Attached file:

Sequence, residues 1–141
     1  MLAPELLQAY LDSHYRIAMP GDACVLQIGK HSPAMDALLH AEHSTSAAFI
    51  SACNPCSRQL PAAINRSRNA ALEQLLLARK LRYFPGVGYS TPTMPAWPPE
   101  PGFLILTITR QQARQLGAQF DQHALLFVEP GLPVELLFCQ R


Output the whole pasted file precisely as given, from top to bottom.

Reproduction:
Sequence, residues 1–141
     1  MLAPELLQAY LDSHYRIAMP GDACVLQIGK HSPAMDALLH AEHSTSAAFI
    51  SACNPCSRQL PAAINRSRNA ALEQLLLARK LRYFPGVGYS TPTMPAWPPE
   101  PGFLILTITR QQARQLGAQF DQHALLFVEP GLPVELLFCQ R